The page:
ful bard, when wandering forth in disgrace upon a doubtful world, he cast back a heavy look upon his paternal home, could he have foreseen that, before many years, he should return to it covered with renown; that his name should become the boast and glory of his native place; that his ashes should be religiously guarded as its most precious treasure; and that its lessening spire, on which his eyes were fixed in tearful contemplation, should one day become the beacon towering amid the gentle landscape, to guide the literary pilgrim of every nation to his tomb!
An old song, made by an aged old pate,
With an old study fill'd full of learned old books,
THERE is no species of humor in which the English more excel than that which consists in caricaturing and giving ludicrous appellations or nicknames. In this way they have whimsically designated not merely individuals but nations; and in their fondness for pushing a joke they have not spared even themselves. One would think that in personifying itself, a nation would be apt to picture something grand, heroic, and imposing; but it is characteristic of the peculiar humor of the English, and of their love for what is
blunt, comic, and familiar, that they have embodied.
their national oddities in the figure of a sturdy, corpulent old fellow, with a three-cornered hat, red waistcoat, leather breeches, and stout oaken cudgel. Thus they have taken a singular delight in exhibiting their most private foibles in a laughable point of view; and have been so successful in their delinea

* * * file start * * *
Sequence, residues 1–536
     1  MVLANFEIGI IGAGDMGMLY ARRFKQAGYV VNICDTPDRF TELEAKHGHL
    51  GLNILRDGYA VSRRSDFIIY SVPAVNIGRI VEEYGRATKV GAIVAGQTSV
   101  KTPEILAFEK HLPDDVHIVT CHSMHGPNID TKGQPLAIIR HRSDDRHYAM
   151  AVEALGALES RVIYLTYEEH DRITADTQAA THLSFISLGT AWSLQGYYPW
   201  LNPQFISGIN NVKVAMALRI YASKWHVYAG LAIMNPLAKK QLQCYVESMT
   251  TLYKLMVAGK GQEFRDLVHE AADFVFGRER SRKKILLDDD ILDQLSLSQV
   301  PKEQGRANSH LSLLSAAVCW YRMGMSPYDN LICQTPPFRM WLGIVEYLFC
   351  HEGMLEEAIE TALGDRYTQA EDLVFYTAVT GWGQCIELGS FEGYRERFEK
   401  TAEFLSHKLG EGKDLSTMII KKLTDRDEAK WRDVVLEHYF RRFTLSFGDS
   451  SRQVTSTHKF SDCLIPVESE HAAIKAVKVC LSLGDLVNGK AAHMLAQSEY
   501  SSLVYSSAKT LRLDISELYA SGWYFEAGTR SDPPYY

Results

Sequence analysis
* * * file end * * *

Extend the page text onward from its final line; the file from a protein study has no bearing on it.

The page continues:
tion that there is scarcely a being in actual existence
more absolutely present to the public mind than that
eccentric personage, John Bull. Perhaps the continual contemplation of the char
acter thus drawn of them has contributed to fix it
upon the nation, and thus to give reality to what at first may have been painted in a great measure from the imagination. Men are apt to acquire peculiarities that are continually ascribed to them. The common orders of English seem wonderfully captivated with the beau ideal which they have formed of John Bull, and endeavor to act up to the broad caricature that is perpetually before their eyes. Unluckily, they sometimes make their boasted Bullism an apology for their prejudice or grossness; and this I have especially noticed among those truly home-bred and genuine sons of the soil who have never migrated beyond the sound of Bow-bells. If one of these should be a little uncouth in speech, and apt to utter impertinent truths, he confesses that he is a real John Bull, and always speaks his mind. If he now and then flies into an unreasonable burst of passion about trifles, he observes that John Bull is a choleric old blade, but then his passion is over in a moment, and he bears no malice. If he betrays a coarseness of taste and an insensibility to foreign refinements, he thanks Heaven for his ignorance—he is a plain John Bull, and has no relish for frippery and nicknacks. His very proneness to be gulled by strangers and to pay extravagantly for absurdities is excused under the plea of munificence—for John is always more generous than wise.